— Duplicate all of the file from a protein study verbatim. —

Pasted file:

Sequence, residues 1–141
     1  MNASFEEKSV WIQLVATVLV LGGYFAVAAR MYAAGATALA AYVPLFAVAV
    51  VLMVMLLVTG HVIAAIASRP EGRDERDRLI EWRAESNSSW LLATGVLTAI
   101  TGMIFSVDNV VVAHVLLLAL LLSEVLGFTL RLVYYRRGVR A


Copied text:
Sequence, residues 1–141
     1  MNASFEEKSV WIQLVATVLV LGGYFAVAAR MYAAGATALA AYVPLFAVAV
    51  VLMVMLLVTG HVIAAIASRP EGRDERDRLI EWRAESNSSW LLATGVLTAI
   101  TGMIFSVDNV VVAHVLLLAL LLSEVLGFTL RLVYYRRGVR A